Underfoot, something new, and it's not orange

The Baltimore Sun

As Howard County Council members sit in the three-decade-old George Howard Building working through budget requests, including $16.6 million as a down payment for the redevelopment of the government complex, the place is already changing -- literally right under their feet.

The stained, scuffed, bright orange carpeting in the two large meeting rooms next to the council's offices that generations of county residents have tried to ignore is finally gone, replaced by a muted blue-gray pattern called "sage filligree."

James M. Irvin, the public works director, said the entire second floor housing his department was redone with the new carpeting, and enough was left over to do the two first-floor public meeting rooms -- one of which the council is using for budget discussions.

"There was just so much grief about it," Irvin said about the Saturday Night Fever-era carpeting that County Executive Ken Ulman also joked about after taking office. The new glued-on carpet squares cost $87,560 and were used to re-cover 3,145 square feet on both floors. A few hundred square feet of spare carpet was bought for future repairs.

Irvin said that when the aged orange carpeting was removed, "we got enough paper clips to last 50 years."

Politicians' park day

When a sitting governor comes to visit, local politicians turn out, even if on the surface there doesn't seem to be much of substance going on.

Five of Howard County's eight delegates and one of the county's three senators, plus four of the five County Council members and County Executive Ken Ulman joined Gov. Martin O'Malley at Meadowbrook Park in Ellicott City on a breezy, warm, sunny afternoon last week in what seemed like a celebration.

O'Malley asked to visit as part of a statewide tour to solidify support for his administration, especially with a grimmer year on the horizon for 2008, when state revenues are estimated to fall short of expenditures by about $1.5 billion. He has been making appearances to thank local delegations for their efforts during the recently ended General Assembly session, and to get some publicity along the way.

The one-year old park, sporting the largest playground in the county, was built with help from the state's Program Open Space and served as a backdrop for the event. Ulman and his wife, Jaki, took advantage to get in some playground time with their youngest daughter, Lily, 1, while they awaited O'Malley's arrival.

The group walked through the still-developing park to a covered picnic pavilion for a box lunch and a few short speeches, greeting some surprised young mothers and children along with way.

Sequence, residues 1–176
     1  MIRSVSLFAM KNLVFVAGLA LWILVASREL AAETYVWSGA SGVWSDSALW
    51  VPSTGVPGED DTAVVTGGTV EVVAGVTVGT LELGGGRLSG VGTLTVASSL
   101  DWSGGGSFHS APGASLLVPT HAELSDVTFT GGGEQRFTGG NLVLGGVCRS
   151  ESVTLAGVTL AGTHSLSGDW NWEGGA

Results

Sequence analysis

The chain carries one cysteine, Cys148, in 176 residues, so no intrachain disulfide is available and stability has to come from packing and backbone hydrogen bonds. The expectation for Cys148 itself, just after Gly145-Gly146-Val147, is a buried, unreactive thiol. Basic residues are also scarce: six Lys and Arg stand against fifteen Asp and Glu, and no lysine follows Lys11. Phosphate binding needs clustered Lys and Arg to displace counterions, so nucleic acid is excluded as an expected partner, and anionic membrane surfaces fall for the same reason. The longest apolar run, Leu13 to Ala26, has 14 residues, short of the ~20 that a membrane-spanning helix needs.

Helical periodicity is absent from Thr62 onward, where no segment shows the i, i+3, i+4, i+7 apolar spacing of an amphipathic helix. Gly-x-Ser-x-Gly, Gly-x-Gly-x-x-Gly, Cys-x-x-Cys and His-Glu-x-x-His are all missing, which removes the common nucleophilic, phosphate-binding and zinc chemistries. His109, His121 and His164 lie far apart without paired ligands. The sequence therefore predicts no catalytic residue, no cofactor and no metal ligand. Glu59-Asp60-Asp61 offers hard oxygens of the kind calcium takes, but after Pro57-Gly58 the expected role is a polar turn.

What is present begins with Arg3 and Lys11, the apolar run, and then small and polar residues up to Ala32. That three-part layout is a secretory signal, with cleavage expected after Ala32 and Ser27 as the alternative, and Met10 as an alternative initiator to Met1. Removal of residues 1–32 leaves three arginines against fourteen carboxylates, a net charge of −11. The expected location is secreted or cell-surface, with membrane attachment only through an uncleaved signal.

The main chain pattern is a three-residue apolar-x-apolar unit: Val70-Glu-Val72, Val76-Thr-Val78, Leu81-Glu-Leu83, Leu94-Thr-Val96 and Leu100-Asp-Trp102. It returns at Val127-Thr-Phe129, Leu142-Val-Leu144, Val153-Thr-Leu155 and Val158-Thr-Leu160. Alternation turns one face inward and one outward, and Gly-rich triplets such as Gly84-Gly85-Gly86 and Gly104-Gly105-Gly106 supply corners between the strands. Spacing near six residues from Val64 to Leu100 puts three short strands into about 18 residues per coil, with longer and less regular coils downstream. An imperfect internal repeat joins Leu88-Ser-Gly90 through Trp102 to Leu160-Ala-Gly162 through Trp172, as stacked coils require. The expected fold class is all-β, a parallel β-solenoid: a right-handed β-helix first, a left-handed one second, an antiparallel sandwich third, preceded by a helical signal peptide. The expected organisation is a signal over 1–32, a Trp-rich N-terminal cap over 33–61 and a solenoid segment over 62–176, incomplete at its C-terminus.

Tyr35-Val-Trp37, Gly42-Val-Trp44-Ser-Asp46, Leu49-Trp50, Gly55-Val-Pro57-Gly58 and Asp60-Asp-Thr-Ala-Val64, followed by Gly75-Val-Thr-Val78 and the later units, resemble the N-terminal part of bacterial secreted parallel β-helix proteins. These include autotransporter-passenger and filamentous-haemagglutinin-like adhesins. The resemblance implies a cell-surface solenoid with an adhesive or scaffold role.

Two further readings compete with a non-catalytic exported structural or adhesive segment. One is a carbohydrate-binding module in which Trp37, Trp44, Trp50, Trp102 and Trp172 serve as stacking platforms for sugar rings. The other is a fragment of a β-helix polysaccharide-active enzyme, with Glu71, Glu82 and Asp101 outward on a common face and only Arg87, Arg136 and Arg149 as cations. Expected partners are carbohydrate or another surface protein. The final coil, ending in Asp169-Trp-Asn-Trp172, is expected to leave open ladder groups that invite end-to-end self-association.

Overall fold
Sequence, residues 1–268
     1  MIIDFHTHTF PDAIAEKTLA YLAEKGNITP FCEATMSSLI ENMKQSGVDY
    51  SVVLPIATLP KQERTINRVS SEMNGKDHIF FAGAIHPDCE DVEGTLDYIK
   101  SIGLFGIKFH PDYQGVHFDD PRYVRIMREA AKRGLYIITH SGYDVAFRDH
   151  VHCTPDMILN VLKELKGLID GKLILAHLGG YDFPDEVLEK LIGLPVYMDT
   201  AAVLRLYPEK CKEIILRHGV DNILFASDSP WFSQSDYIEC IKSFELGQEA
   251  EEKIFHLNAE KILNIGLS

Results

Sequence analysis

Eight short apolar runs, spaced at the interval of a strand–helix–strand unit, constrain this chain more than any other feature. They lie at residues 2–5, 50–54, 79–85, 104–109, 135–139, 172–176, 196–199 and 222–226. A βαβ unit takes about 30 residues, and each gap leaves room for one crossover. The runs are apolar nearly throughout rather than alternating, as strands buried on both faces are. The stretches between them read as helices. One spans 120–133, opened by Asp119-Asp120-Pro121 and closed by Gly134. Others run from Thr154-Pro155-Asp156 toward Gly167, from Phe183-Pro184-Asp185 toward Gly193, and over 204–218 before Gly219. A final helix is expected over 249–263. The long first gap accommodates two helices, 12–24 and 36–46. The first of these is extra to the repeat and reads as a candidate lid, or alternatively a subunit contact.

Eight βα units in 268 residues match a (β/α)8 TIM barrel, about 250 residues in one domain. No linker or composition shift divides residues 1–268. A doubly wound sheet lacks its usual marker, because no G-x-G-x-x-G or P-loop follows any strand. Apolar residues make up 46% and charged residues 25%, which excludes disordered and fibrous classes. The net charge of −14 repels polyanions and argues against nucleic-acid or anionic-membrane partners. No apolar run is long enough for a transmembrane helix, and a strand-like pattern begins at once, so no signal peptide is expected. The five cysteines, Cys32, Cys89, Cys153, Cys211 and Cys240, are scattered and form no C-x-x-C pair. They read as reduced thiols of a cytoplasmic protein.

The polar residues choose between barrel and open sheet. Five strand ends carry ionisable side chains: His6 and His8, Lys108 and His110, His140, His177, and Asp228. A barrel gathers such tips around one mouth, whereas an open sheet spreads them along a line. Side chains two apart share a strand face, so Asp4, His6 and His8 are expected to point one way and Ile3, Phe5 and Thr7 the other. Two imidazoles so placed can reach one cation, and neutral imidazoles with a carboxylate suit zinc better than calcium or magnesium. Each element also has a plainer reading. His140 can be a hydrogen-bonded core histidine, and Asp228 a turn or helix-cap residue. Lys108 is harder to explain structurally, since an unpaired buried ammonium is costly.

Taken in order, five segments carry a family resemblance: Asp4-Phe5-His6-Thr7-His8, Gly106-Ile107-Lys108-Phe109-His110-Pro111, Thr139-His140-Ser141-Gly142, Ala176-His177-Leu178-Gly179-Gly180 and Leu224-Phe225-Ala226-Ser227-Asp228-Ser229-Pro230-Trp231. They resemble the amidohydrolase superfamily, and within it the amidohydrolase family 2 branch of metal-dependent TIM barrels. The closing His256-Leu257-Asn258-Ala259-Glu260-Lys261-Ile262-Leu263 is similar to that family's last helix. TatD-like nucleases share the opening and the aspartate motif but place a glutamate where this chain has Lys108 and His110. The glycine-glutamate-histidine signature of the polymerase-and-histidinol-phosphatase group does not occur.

The elected officials were all Democrats -- except for Del. Gail H. Bates, a Republican supporter of former Gov. Robert L. Ehrlich Jr., who said she came because "I honor the [governor's] office." She exchanged a smile and a handshake with O'Malley, and stood to clap with the others when he was introduced to speak after lunch.

Ulman and county recreation officials showed O'Malley around, explaining that $3 million in state Program Open Space money helped buy the 84-acre former farm in 1984, holding it until the first phase of the park on 36 acres of the land was completed last year. The parking lots, playground, ball fields and picnic pavilion are to be joined next year by a 35,000-square-foot indoor athletic building for roller hockey and playing courts, said Gary J. Arthur, county recreation director .

The event had the appearance of a political love fest between a governor delighted to have so many Democrats to support his ideas, and county officials equally happy to have a like-minded friend in Annapolis.

O'Malley used the weather to joke about prosperous, successful Howard County. "It's always like this in Howard county," he laughed, referring to the brilliant, warm sunshine and the refreshing breeze.

"It's quite a thrill to have a governor who's a partner," Ulman said, mentioning state aid for recreation and school construction projects, as well as the high priority both leaders are putting on reducing pollution and saving energy.

The governor talked about using "every penny of open-space money for open space," a slap at Ehrlich, who diverted some money to get through the last budget crunch. He joked that the General Assembly's work got less publicity this year because there was less bickering, adding that maybe he should "go back and veto a few things." That was another swipe at Ehrlich, whose vetoes were often overridden by the Democratic legislature.

As Baltimore's mayor, O'Malley continued, "I know what it's like to have a partner, and what it's like not to have a partner," he said, referring to "one shining year when both the federal and state governments had a Democrat in the top office.

"I cannot be effective for this big state unless I have a strong local government" for support, he said.

Who was that man?

Who was that man with the clean-shaven upper lip?

State Sen. James N. Robey, the former county executive and police chief who has worn a thick, bushy mustache for more than two decades, showed up at Meadowbrook Park with a bare lip, joking that his wife, Janet, took two days to notice the change.

Asked why he did it, Robey shrugged. No special reason, he said. "It's like a woman changing her hairstyle."


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